Michael Arlen

From Academic Kids

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1927 Time cover featuring Arlen

Michael Arlen (November 16, 1895June 23, 1956) was an Armenian novelist and short story writer who had his greatest successes in the 1920s while living and writing in England. As a chronicler of the lives of young, rich and trendy people he has sometimes been compared to F. Scott Fitzgerald.

Born Dikran Kouyoumdjian in Rustchuk, Bulgaria to a Christian Armenian merchant family during their flight from Turkish-controlled Armenia, Arlen arrived in England in 1901 and settled with his family in Lancashire. He went to public school and to St Andrews, Scotland but left again without taking a degree. Disinherited, he went to London, where he wanted to live by his pen. Adopting the English-sounding nom de plume of Michael Arlen, he at first wrote for newspapers and magazines. His first novel, The London Venture (1920), a fictionalised account of his own life as a fledgling author, received some attention, as did his first volume of short stories, The Romantic Lady (1921).

In 1920 Arlen spent some time in France, where he got to know, and spent a lot of time with, Nancy Cunard although she was married to someone else at the time—a relationship which fuelled Aldous Huxley's jealousy. In 1922 Arlen became a naturalized British citizen and on that occasion made Michael Arlen also his legal name.

In 1922, Arlen's successful novel Piracy came out. In the following year, in his short story volume, These Charming People, he for the first time published tales which included elements of fantasy and horror, in particular "The Ancient Sin" and "The Loquacious Lady of Lansdowne Passage". The volume also introduced a gentleman crook reminiscent of Raffles in the story "The Cavalier of the Streets".

In 1924 Michael Arlen eventually shot to fame and prosperity with the publication of his novel The Green Hat. He dramatised it himself, and it was shown on the West End stage starring Tallulah Bankhead (128 performances at the Adelphi Theatre). In 1928, a silent movie entitled A Woman of Affairs starring Greta Garbo was also based on The Green Hat.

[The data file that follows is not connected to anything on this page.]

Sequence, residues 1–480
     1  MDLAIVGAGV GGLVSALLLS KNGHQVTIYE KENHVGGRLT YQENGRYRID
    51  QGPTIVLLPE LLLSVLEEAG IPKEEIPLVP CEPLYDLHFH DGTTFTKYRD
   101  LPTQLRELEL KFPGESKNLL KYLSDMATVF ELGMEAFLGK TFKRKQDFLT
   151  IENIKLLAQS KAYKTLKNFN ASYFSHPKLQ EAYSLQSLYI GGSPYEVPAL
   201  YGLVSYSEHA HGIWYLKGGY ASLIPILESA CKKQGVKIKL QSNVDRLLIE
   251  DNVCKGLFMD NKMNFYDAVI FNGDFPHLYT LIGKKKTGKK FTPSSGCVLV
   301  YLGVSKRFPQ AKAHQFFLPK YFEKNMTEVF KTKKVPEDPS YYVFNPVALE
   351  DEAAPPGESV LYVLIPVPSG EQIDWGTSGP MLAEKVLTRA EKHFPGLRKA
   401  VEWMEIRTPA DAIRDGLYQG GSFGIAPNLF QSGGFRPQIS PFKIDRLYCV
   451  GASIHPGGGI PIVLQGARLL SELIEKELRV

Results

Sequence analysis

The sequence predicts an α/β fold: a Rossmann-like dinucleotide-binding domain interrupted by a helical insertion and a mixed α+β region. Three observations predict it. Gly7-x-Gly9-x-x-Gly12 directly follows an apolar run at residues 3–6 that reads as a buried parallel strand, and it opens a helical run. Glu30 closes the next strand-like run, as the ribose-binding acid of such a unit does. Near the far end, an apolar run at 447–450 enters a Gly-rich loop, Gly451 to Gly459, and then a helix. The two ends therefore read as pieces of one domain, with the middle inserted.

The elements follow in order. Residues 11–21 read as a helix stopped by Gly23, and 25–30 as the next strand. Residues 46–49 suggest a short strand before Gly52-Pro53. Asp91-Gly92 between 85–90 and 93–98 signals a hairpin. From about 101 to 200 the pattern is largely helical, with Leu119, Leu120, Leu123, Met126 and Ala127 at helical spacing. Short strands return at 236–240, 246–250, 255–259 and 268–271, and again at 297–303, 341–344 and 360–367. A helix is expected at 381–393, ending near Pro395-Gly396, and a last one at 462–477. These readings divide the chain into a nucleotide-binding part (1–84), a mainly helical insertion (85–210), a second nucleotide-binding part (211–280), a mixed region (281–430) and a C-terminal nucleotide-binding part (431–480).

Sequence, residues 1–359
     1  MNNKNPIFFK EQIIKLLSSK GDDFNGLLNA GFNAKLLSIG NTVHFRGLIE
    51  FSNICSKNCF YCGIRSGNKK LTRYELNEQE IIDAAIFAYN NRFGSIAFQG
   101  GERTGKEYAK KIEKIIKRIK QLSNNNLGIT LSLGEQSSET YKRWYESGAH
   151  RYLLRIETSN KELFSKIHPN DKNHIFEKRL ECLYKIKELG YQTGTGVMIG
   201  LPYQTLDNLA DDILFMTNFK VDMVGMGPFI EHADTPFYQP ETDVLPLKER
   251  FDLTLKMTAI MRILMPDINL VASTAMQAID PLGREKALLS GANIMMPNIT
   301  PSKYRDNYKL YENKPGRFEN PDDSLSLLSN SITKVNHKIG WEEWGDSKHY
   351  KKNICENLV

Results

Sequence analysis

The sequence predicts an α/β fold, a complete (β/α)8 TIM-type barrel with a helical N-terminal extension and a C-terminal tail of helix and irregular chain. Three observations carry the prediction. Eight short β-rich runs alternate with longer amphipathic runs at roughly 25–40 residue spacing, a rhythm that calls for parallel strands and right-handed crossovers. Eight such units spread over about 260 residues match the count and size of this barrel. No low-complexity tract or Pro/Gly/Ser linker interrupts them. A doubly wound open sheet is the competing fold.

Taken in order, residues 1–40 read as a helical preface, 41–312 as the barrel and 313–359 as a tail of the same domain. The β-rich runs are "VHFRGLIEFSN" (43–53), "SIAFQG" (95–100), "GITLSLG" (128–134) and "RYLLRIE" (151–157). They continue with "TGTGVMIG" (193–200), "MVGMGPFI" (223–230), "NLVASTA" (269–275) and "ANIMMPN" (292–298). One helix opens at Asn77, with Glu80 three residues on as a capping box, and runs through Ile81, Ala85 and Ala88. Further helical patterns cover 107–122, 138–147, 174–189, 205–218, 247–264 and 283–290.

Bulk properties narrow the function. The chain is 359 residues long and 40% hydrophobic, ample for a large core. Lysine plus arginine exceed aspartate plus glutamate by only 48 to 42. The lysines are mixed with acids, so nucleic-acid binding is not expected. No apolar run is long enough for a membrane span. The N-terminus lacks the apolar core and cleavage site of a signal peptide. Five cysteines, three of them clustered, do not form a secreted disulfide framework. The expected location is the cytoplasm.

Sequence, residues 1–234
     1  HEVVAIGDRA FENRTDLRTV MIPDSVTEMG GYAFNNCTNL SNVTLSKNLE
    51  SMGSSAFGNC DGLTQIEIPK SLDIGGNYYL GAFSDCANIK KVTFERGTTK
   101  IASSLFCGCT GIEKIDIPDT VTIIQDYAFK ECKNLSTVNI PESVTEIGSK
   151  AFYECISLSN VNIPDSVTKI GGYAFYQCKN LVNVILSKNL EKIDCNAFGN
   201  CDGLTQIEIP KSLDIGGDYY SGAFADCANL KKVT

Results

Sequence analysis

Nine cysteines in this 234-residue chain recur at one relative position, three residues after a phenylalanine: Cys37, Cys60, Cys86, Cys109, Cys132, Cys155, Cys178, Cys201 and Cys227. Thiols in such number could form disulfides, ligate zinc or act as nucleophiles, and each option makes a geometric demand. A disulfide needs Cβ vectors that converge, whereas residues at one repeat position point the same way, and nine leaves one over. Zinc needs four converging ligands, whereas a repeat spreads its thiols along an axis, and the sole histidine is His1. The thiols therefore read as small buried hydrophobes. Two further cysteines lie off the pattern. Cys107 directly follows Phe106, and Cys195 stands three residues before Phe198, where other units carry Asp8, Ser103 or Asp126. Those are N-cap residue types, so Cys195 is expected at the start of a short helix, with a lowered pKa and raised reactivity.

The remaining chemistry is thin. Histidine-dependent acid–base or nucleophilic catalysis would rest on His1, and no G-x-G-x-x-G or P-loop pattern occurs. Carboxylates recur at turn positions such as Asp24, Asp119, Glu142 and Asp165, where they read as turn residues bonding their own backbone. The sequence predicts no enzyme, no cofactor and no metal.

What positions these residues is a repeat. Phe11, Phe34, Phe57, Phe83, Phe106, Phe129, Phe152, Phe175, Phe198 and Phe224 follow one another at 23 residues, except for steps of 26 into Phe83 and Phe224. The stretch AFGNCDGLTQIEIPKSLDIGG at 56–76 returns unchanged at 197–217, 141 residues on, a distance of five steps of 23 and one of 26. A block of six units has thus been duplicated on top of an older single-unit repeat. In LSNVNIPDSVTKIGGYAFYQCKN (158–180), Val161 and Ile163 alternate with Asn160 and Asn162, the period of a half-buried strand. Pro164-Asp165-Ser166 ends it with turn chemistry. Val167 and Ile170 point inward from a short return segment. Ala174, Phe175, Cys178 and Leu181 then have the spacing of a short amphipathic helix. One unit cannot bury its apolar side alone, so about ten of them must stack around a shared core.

Over the following years, Arlen wrote both novels and short stories, but none could equal the success he had already achieved. Some storylines, like that of, say, Lily Christine (1929), are very similar to the plot of The Green Hat. He tried to break new ground with his novel Man's Mortality (1933), which, set in the 1980s, is a serious attempt at utopian fiction. Most critics, however, compared it unfavourably with Huxley's Brave New World, which had been published the year before. His last novel, The Flying Dutchman, a political thriller, appeared in 1939. His 1920s novels about trendy people and how they spend their lives soon appeared dated, and were no longer reprinted when the era was over.

His claim to fame in the world of crime fiction rests on one short story, "Gay Falcon" (1940), in which he introduced gentleman sleuth Gay Stanhope Falcon. Renamed Gay Lawrence, the character was taken up by Hollywood in 1941 and expanded into a long-running series of feature films with George Sanders in the title role. (Cf. Farewell, My Lovely.)

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Dust jacket of the first edition of Arlen's 1934 novel

Arlen also wrote a number of ghost stories, and a collection actually entitled Ghost Stories was published in London by Collins in 1927. Two of his macabre stories, "The Gentleman from America" and "The Smell in the Library", have been widely anthologized. In 1934 he published a vampire novel, Hell! Said the Duchess: A Bedtime Story, which many critics have found remarkable.

Very much a 1920s society figure resembling the characters he portrayed in his novels, and a man who might be referred to as a dandy, Arlen invariably impressed everyone with his immaculate manners. He was always impeccably dressed and groomed and was seen driving around London in a fashionable yellow Rolls Royce and engaging in all kinds of luxurious activities. However, he was well aware of the latent racism, the contempt for foreigners mixed with envy, with which his success was viewed. Sydney Horler (1888-1954), another popular author of the time, is said to have called Arlen "the only Armenian who never tried to sell me a carpet", while Arlen half-jokingly described himself as "every other inch a gentleman".

In 1928 he married a Greek countess, Atalanta Mercati. He later preferred to live in Cannes on the Cote d'Azur. At the outbreak of the Second World War he moved to the United States, and died of cancer in New York in 1956. His son, Michael J. Arlen, wrote a biography of his father, Exiles (1970), in which his final years, characterized by writer's block, are detailed.

The young Michael Arlen served as a model for Michaelis, the successful Irish playwright with whom Connie starts an affair in D. H. Lawrence's 1928 novel Lady Chatterley's Lover.



Short stories

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